Romeo ∞ Juliet: Redux
By William Shakespeare
Adapted by Charles M Pepiton
St. Lawrence University
Choreography – Kerri Canedy
Fight Choreography – Audrey McDowell
Movement Specialists – Magdalena Koza, Daniel Han & Alexandra Kazazou
Set Design – Todd Canedy
Costume Design – Selina French
Lighting Design – Nina Hylen
Sound Design – Terry Dubray
Stage Managers – Liz Foreman
What do we know about Romeo and Juliet? Why bring them back? Two young lovers meet, fall for each other in an instant, marry, are torn apart by their warring families, and die together by their own hands so that the feud may end. I’m sorry to spoil it for you, but we’re told nearly that much in the prologue. Why then do we continue staging the play? Perhaps, as a friend replied when I put the same question to him, we want to have our hearts broken again. A good answer.
I’m curious about time and the way our classics change, or don’t change, given the progression of years, the repetition of history, and the unreliability of memory. I’m curious about how we inevitably read ourselves as we recall the classics and about how we resurrect our ancestors as we revisit and take apart their work. What does our particular point on the timeline help us to understand about this play that we haven’t already considered? Isn’t it arrogant to assume we have some new insight in the first place? In that case, what have we forgotten? As I was thinking through these questions, one thing became clear. I wanted to somehow unpack the play from our expectations, to disrupt our assumptions. All transformation implies disorder.
Romeo and Juliet die, but the play is not about their death. They love, but the play is not about their passion. If it were about either of these, I suspect we might not be told the entire plot in the first 14 lines of the play. Instead, I propose that Shakespeare’s play is about the transformative power of a choice, despite all evidence and warnings to the contrary, to fully connect with another, that simultaneously selfish and selfless act wherein strength is found in weakness. Juliet makes this choice as she utters the five lines that literary critic Harold Bloom calls “the most exalted declaration of romantic love in the language.” Her declaration is two moments in one.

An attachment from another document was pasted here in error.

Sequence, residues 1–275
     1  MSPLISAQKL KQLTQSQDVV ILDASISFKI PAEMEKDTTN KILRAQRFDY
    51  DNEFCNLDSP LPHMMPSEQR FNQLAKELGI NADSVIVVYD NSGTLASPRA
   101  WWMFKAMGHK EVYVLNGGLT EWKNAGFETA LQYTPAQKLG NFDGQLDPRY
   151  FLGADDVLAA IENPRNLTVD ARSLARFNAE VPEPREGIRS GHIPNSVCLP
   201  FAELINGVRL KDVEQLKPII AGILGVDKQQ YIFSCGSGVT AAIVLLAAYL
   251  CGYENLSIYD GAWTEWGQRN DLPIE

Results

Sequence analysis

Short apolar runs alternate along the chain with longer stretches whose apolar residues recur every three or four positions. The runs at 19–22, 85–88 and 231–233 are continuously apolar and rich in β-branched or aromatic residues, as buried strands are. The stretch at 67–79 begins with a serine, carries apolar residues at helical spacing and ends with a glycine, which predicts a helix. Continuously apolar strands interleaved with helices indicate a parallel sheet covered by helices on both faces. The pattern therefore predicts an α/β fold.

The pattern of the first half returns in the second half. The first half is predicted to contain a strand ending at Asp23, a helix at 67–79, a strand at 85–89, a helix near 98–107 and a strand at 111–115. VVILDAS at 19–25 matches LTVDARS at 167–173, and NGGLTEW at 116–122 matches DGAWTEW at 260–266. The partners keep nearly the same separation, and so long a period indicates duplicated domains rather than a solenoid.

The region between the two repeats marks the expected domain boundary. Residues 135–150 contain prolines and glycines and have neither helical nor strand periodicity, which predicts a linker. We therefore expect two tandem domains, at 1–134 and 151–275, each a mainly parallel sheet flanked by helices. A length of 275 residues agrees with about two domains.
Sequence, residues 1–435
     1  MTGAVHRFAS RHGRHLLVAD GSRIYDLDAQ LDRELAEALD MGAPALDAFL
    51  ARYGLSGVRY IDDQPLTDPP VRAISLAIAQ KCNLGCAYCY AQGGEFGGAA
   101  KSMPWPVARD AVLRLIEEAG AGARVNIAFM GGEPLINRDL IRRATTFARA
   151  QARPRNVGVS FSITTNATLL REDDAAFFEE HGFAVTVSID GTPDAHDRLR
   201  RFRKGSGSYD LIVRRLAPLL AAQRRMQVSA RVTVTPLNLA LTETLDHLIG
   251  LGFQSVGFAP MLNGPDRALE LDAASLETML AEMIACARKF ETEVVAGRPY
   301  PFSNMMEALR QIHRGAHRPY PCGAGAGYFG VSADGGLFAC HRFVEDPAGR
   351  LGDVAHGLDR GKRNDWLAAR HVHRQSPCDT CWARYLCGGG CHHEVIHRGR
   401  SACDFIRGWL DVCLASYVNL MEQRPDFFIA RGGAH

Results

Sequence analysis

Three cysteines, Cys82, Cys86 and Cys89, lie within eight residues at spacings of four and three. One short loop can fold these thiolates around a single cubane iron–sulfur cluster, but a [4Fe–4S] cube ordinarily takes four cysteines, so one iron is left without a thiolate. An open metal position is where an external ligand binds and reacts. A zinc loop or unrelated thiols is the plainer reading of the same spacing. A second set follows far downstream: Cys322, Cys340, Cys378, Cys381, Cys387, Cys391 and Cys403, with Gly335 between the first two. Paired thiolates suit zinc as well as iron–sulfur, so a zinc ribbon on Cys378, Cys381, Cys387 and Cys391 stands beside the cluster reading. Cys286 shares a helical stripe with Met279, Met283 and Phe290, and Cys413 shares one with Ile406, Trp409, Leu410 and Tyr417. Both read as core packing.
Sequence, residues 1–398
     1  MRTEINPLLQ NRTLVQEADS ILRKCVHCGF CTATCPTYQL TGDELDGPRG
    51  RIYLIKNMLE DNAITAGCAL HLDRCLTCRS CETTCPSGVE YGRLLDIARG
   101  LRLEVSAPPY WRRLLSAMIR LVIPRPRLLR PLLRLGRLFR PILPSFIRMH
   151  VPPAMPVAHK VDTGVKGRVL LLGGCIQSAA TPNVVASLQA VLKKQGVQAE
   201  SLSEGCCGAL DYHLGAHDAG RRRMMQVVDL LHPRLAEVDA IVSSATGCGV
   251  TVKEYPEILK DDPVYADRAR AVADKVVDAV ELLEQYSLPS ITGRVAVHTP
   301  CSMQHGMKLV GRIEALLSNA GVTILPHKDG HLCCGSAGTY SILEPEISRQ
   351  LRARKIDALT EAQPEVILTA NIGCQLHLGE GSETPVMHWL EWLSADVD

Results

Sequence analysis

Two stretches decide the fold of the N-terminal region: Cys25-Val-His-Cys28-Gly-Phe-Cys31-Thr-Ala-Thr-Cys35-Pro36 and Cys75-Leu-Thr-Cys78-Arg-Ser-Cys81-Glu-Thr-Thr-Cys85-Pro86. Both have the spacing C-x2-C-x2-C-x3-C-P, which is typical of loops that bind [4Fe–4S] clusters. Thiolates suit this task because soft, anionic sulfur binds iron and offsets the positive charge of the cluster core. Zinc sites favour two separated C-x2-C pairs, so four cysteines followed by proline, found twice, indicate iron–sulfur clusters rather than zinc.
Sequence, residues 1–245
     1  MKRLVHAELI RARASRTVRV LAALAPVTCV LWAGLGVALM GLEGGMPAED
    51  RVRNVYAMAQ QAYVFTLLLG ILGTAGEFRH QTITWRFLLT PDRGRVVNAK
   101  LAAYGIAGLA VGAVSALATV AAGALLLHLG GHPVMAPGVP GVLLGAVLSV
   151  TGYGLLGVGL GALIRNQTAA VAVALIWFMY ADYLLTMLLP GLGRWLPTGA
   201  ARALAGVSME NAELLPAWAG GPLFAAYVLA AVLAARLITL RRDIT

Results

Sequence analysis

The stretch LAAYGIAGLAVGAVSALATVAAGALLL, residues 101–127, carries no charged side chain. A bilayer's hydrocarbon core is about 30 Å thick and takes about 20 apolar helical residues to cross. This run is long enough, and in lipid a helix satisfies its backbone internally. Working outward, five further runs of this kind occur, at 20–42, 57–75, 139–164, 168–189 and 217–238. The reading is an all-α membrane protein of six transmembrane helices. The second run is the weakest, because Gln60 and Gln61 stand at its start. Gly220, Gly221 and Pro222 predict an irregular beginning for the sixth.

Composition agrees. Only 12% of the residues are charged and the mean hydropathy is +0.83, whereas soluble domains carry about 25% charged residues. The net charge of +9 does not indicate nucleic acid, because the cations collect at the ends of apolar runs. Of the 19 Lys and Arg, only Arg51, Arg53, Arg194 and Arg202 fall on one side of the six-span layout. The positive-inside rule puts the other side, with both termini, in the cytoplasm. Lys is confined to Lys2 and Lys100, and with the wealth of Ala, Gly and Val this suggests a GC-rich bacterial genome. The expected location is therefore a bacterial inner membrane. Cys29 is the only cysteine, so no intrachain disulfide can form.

This adaptation is about how such an event can be two very contradictory yet simultaneous moments. She lives as she dies. She heals as she kills. Einstein tells us, “…all our judgments in which time plays a part are always judgments of simultaneous events, ” but what if we experienced time not as a line but as a continuous sequential loop? Consider time instead as a Möbius strip with no clear beginning or ending. Time moves at once forward and backward, the past hovering just below the future. What if we were to allow this dawn song to shift itself back into phase?